Food companies continually look for ways to reduce logistics costs. For this issue's cover story, "Making Every Penny Count," [page 21], we spoke to five that have managed to achieve real cost-saving results using a variety of technologies. These companies include:
Newell Rubbermaid Inc., which has reduced transportation costs 5 percent using a solution that enabled the company's various business units to autonomously manage the logistics lifecycle from shipment order to freight;
Coca-Cola Bottling Co. Consolidated, which has achieved a forecast accuracy of 90 percent and reduced inventory by more than 25 percent using a collaborative demand solution;
Ocean Spray, which optimized its inbound transportation by subscribing to a Web-based transportation management system;
Pinnacle Foods Corp., which implemented a centralized transportation system after it merged with Aurora Foods last year and is no longer outsourcing its transportation management function to a third-party logistics provider; and
Reliable Food Supplies, which has been able to gain real-time visibility into its delivery cycle—without any capital cost expenditure—using an on-demand logistics service.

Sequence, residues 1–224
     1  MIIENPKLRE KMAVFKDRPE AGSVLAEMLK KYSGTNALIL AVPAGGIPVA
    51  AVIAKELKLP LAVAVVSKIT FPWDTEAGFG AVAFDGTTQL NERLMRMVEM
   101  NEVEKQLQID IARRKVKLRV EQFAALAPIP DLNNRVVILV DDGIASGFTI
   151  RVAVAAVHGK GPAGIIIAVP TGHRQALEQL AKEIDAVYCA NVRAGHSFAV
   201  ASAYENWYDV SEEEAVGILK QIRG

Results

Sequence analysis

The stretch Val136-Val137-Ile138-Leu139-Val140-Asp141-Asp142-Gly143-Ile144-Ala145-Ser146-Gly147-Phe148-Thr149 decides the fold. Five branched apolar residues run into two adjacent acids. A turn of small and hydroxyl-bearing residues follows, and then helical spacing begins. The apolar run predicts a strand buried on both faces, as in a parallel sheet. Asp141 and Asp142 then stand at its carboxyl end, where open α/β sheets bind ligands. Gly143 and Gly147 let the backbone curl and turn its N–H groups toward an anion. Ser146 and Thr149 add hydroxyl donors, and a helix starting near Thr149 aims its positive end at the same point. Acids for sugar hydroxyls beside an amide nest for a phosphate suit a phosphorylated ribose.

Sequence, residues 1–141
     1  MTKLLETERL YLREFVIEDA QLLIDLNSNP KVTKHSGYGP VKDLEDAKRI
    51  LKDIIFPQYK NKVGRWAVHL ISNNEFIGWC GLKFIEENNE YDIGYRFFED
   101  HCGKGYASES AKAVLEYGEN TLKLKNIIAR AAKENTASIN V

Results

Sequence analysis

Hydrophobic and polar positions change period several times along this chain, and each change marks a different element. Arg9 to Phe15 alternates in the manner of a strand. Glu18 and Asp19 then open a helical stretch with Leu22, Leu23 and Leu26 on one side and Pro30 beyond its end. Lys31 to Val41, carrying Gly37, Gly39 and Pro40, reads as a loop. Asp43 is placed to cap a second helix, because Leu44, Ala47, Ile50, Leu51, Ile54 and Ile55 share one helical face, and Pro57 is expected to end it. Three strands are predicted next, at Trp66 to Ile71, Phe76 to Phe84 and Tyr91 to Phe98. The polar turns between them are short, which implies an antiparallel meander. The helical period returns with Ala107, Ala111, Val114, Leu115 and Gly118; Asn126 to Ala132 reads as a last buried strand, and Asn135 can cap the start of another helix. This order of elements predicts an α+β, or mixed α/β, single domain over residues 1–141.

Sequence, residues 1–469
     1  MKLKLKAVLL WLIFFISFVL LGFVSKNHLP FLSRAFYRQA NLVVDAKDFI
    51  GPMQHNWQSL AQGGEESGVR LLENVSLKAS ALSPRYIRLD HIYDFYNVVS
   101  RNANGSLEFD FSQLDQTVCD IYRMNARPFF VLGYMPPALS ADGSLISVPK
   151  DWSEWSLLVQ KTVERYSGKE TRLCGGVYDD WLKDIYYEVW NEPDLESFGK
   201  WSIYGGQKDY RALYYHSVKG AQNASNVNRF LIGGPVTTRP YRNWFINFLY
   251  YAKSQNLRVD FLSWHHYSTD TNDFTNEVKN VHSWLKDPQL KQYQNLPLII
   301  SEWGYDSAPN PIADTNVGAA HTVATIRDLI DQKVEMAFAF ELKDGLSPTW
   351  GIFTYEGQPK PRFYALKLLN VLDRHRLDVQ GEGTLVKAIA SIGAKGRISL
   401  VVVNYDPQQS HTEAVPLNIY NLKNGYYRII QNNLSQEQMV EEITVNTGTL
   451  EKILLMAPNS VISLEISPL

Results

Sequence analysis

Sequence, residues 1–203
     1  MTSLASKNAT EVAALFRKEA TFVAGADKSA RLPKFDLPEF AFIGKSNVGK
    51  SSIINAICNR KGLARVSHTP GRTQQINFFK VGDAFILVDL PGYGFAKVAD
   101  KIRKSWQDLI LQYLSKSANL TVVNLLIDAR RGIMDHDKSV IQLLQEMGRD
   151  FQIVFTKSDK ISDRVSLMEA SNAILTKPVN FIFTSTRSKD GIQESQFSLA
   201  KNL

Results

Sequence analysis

The tactics these companies are taking to reduce costs represent a shift in the way organizations view the logistics function. As Ralph Drayer, president of Supply Chain Insights and a former top Procter & Gamble executive, points out in the story, "Cutting costs has become a strategic differentiator for leading companies. It's a source of business growth as opposed to just efficiency."
As the economy slowly recovers, we expect to see more companies investing in technology in the logistics arena to gain a competitive advantage—as opposed to just cutting costs. And we'll continue to bring you coverage of these leading companies, because there's no better way to learn than by example.
Sneak Preview: Food Logistics is producing a special issue on Economic Development that will be published in the near future. We have scanned the entire country to find locations conducive to food companies operating manufacturing, processing, warehousing and distribution facilities. We'll be highlighting some of the well-known regions, as well as new—and perhaps surprising—locations where local economic development agencies are working diligently to offer food companies excellent opportunities to locate their businesses.
The special issue will cover transportation infrastructures, such as nearby highway corridors, rail access, airports and inland ports, as well as power, water and sewage accessibility, land availability, and business, tax and workforce incentives. Don't miss this exciting report!